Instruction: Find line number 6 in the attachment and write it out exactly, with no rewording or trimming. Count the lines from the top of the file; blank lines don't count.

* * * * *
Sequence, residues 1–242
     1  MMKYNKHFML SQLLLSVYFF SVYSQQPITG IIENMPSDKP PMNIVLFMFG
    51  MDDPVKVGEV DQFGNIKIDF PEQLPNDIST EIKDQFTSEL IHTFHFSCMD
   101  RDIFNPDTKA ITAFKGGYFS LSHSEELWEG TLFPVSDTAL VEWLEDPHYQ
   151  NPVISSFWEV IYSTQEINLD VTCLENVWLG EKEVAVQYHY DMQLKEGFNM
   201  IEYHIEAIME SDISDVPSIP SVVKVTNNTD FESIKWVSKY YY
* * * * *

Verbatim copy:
   201  IEYHIEAIME SDISDVPSIP SVVKVTNNTD FESIKWVSKY YY